'Joseph' Wakim: why don't you hate them (Jews) like we do?

Kudos to Andrew Bolt for standing up for Israel:

“Permanently tattooed”?

I don’t think Jeremy Sher is overreacting at all:

I’m unsure if you have seen this article by Joseph Wakim (founder of the Australian Arabic Council) defending the Greens’ ‘“Boycott, Divestment, Sanctions” campaign.  However, what I dislike about this article is that the taxpayer-funded ABC blog is promoting an article which has all the hallmarks of old-fashioned anti-Semitism. It has all the juicy innuendo that one expects in modish, leftish writing about Israel and the so-called ‘Israel lobby’:



“It is ironic that the Greens candidates who dared to take a moral and non-violent stand against the Israeli occupation have copped the wrath of those who carry the political whips

“With swastikas and loaded labels smeared onto the Greens candidates, the individuals are placed in a defensive position where they are permanently tattooed as guilty – defeated Greens candidate for Marrickville Fiona Byrne, successful candidate for Balmain Jamie Parker, and Senator elect Lee Rhiannon…“On cue, the major parties promptly paid their dues to Israel…

“If any of these whip crackers bothered to research the facts about the BDS, they would struggle to find any extremism…

“In our democracy, our politicians should shape our foreign policy based on our population and our national interests, not based on lubricated lobbying and ‘behind the scenes’ engineering”

The reason why this material is should be labeled anti-Semitic is two fold.

First, Wakim is obviously drawing a parallel between the Holocaust and the proponents of the Palestinian cause.  In particular, the use of the phrase ‘permanently tattooed’.

Second, it harks back to one of the more virulent strains of anti-Semitism, best typified by that awful tome, the Protocols of the Elders of Zion.  This ‘book’ alleged an international Jewish conspiracy, where Jews were seeking to control the world.  Whether deliberately or not, Wakim is suggesting that some shadowy figures are behind the bipartisan opposition to the racist BDS campaign.  Rather, Australia’s major political leaders have rightly and independently concluded that there are better ways to forge a path to peace than by punishing the Middle East’s sole democracy.

The activities of ABC Unleashed deserves more scrutiny – given its public funding and well-documented left wing bias… Wakim ought to be condemned.

Strangely, Australia’s PC laws don’t seem to apply to Jews, only to those who want to kill them:


“It is unlawful for a person to do an act, otherwise than in private, if the act is reasonably likely, in all circumstances, to offend, insult, humiliate or intimidate another person or a group of people, and the act is done because of the race, colour or NATIONAL or ETHNIC ORIGIN of the other person or of some or all of the people of the group.”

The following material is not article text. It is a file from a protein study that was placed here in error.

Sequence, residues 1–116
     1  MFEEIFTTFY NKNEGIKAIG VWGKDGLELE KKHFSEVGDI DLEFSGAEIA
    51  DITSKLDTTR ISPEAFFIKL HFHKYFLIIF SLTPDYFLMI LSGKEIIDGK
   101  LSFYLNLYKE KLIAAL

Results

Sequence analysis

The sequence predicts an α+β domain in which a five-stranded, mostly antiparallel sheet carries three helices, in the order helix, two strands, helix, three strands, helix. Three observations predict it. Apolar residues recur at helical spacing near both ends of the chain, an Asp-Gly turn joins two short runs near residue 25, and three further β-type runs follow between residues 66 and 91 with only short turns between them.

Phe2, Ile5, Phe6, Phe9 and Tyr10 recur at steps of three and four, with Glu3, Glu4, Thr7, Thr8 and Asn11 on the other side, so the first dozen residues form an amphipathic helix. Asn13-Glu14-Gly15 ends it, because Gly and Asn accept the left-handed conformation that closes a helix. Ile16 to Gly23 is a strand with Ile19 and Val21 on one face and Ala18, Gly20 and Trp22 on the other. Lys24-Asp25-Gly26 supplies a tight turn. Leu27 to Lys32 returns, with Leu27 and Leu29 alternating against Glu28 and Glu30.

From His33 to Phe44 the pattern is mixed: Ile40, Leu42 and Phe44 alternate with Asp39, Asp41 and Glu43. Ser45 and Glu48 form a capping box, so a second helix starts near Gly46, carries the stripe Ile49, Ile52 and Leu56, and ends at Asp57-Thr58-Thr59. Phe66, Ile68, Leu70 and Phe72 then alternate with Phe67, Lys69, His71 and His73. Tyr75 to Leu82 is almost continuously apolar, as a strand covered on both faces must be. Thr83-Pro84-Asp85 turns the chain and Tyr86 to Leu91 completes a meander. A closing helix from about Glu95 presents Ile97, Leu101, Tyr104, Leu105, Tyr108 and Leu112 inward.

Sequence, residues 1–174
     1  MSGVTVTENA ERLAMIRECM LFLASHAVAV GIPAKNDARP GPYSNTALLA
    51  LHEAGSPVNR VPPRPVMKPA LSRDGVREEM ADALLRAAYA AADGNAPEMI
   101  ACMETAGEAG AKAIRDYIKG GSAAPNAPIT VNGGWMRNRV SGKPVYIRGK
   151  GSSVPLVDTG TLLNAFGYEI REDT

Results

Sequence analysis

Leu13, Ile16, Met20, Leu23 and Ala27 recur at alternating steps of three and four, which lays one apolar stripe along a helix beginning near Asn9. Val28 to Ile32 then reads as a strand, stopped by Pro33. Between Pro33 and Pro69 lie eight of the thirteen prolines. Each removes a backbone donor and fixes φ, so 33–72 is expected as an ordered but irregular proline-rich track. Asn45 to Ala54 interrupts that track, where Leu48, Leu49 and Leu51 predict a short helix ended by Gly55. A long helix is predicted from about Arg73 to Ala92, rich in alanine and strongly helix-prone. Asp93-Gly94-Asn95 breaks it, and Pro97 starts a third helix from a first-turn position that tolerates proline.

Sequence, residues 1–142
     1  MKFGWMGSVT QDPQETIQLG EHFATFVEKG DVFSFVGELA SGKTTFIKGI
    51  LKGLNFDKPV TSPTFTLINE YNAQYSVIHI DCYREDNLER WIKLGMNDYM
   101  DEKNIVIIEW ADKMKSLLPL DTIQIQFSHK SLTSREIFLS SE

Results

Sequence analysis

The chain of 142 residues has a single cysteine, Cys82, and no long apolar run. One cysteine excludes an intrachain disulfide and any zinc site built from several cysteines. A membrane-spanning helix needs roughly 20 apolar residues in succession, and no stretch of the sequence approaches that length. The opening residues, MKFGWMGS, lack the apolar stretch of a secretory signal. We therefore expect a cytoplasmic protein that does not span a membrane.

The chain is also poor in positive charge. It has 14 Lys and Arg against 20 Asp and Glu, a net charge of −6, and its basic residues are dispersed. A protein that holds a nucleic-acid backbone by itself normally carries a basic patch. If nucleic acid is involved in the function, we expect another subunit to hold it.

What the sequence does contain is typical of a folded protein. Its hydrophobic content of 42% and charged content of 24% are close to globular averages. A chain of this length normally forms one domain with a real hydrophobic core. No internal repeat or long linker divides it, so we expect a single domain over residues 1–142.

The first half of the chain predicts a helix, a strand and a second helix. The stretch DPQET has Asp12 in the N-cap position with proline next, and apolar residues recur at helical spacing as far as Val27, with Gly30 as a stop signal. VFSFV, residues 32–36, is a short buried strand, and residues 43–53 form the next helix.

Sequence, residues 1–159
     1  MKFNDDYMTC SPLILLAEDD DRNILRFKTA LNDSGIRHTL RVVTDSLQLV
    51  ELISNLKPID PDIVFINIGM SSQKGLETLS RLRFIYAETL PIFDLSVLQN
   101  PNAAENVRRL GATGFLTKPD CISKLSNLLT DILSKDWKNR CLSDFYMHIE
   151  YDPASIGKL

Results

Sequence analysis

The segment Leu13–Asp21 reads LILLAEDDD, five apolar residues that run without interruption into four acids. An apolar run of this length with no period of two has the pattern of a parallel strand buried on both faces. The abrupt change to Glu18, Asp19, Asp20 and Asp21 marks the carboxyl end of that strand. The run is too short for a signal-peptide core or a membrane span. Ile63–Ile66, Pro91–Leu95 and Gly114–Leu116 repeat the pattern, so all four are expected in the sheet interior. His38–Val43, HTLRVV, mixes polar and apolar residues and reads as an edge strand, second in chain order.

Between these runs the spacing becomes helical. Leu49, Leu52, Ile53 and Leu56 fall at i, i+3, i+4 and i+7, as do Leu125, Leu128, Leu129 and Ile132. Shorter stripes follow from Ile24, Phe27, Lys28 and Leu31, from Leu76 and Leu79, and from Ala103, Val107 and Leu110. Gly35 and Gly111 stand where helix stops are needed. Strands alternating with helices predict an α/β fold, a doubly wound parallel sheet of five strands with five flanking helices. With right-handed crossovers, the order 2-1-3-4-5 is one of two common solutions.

Perhaps the Australian Israeli community – and Israeli government – should consider legal action against the Greens and their “Boycott, Divestment, Sanctions” campaign under Section 18C?

After all, most Israelis surely feel offended, insulted, humiliated, or intimidated by this act, one which – it could be argued – has been done because of their national origin?



One thought on “'Joseph' Wakim: why don't you hate them (Jews) like we do?”

  1. Let’s give sharia another flogging


    It is tragic and ironic that the recent ‘flogging of a Muslim convert’ story weaved another strand into the anti-Muslim whip.

    There was absolutely no mention of religion when this Sydney story was first broadcast on news bulletins, presumably based on the police and court reports.

    When I heard this report about the 40 lashes with an electrical cable, I immediately cringed as I evoked Opus Dei and self flagellation. Here we go again – mocking, then defending and contextualising the diversity of Catholics.

    But once the intoxicating word sharia was added to the cocktail, this local story spilled over into national banner headlines.

    The story epitomised all the ingredients that so many Australians love to loathe and it played right into the hands of Muslim-haters: a young convert whose name happened to be Christian; a gang of four bearded men; an attack in the middle of the night; whipping the victim while he is held down; punishment for allegedly having alcoholic drinks with the boys. All the stereotype boxes are ticked.

    Rather than feeling relief that this was not a Catholic, I empathised with the Muslim elders who braced themselves for a flogging. They pre-empted this with yet another condemnation of these (un)Australian crimes that have no right to incriminate Islam and no place in Australia. These crimes are neither sanctioned by Muslim clerics nor representative of Muslim communities, but executed by misguided Australians.